I grew up listening to music. My Dad had this two-toned box of albums that sat on the floor in our suburban home’s study. My sister rocked back and forth on all fours to Credence Clearwater Revival before she really learned to walk, and I remember at least one of my father’s sermons that referenced Simon & Garfunkel lyrics—“the words of the Prophets are written on subway walls and tenement halls.”

Rebecca Withers Chastenet

We sang folk tunes and listened to cassettes on long road trips between Oklahoma and New Mexico, and the coolest summer camp counselors were the ones who could play the guitar and sing James Taylor or John Denver songs by heart.

As a 1970s and 1980s kid, disco dancing lessons (really!) filled one afternoon a week for a few months in middle school. The teacher wore skin-tight white jeans with a huge, long-handled comb sticking out of his back pocket. He insisted on dancing the Hustle every session and finished each class with a high-pitched Bee Gees tune. Think “Night Fever” or “Stayin’ Alive.” Seriously. A girlfriend’s bedroom door was plastered with a poster of Peter Frampton right next to a face shot of Leif Garrett. (It was all about the hair, I guess?)  And in college in the late eighties, I spent more nights than I can count dancing to the synth-pop beats of New Wave bands like OMD, Depeche Mode, Yaz, R.E.M, and INXS.

Because I grew up in Oklahoma and Texas, country music also holds a special place in my heart. Or maybe it’s because I’m a die-hard lyrics girl—I love songs first for the stories they tell, and country songs recount tales of heartbreak, hard work, and homegrown fun like songs of few other genres. My favorites include Willie Nelson, Patsy Cline, George Straight, and Oklahoma-bred Garth Brooks.

Actually, the lyrics thing is really big with me. I’ve often commented that if school curriculums were set to music, the material would sink in for students, and stick. I marvel that I can sing the lyrics of tunes spanning six decades, from 1940s Billie Holliday and Frank Sinatra ballads to the pop/rap hybrid songs dominating the radio today. I can also do a mean “Mom rap” which earns me much eye-rolling on the drive to school each morning.

Music, for me, really does offer a different form of communication. It’s much more than background noise, or interesting rhythm. And I choose music to fit my mood. My recent craving for simple authenticity had me replaying the same Taj Mahal blues guitar riff over and over again. Which just goes to show it really isn’t all about the lyrics after all.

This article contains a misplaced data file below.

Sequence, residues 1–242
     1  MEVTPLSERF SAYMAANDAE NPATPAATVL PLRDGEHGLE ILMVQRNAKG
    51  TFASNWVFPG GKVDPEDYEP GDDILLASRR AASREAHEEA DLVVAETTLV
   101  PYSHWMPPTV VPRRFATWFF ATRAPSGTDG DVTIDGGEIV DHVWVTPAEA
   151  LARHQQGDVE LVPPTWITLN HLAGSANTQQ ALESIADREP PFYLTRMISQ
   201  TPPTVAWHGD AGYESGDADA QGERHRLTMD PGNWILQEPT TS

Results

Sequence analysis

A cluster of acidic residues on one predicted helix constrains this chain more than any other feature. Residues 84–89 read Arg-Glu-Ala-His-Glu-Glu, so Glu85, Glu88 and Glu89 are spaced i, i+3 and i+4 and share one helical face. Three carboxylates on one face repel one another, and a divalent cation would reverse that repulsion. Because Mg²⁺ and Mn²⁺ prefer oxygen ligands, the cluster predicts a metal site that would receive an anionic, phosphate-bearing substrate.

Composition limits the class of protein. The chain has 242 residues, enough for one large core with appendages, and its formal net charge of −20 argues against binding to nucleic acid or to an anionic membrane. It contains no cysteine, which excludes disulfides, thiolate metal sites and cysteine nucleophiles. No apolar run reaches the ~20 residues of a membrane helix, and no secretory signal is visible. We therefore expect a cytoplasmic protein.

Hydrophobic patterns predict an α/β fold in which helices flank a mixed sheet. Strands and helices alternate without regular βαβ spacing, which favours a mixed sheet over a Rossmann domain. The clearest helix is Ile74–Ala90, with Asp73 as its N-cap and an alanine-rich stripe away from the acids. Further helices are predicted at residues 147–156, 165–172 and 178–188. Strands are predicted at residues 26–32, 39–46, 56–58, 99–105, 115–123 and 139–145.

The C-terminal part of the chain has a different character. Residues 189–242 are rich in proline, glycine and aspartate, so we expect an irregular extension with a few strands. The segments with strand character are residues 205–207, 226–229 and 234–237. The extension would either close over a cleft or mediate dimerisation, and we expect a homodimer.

If you are a friend or fan of Slurp on Facebook, you’ve probably noticed we post a song or video nearly every day.  Our selections, much like our menu, vary according to creative whim. Carlos is our DJ, but he almost never misses the mark on tunes that work for me too, and I credit him for bringing music back into my life. Thanks, partner!

I love the interaction with customers that our music provides.  When one of you “likes” or comments on video post, it’s a form of connection that goes beyond the small talk from the window. Or when you start singing along or naming the tune wailing loudly from the trailer, it gives me a glimpse into your life. I’m a writer, so what I do next is create a story in my mind about who you are, what you do, and what moves you. What makes you dance and smile as you wait for coffee or lunch triggers my imagination, and I run wild with your story while I ladle up your soup or press your panini.

When I began, I thought this new post might be about how cooking could be compared to a symphony—all the parts coming together harmoniously and such. But I figure that’s been said before. Plus, I think it would be far more fun to leave you with a playlist. A Slurp playlist of songs about good food, and the good times behind making and sharing it. Here ya’ go:

1.  Black Coffee – k.d. lang

2.  Tupelo Honey – van Morrison

3.  Come on In my Kitchen – Taj Mahal

4.  Alice’s Restaurant – Arlo Guthrie

5.  Dinner Bell – They Might Be Giants

6.  Sweet Potato Pie – James Taylor and Ray Charles

7.  Soup of the Day – Chris Rea

8.  Mashed Potato USA – James Brown

9.  Pantry – Lyle Lovett

10.  On Top of Spaghetti – Tom Glazer

And for all of you fellow Sesame Street educated kids:

11. “C” is for Cookie – The Cookie Monster


Follow Rebecca on Twitter: @SLURPSantaFe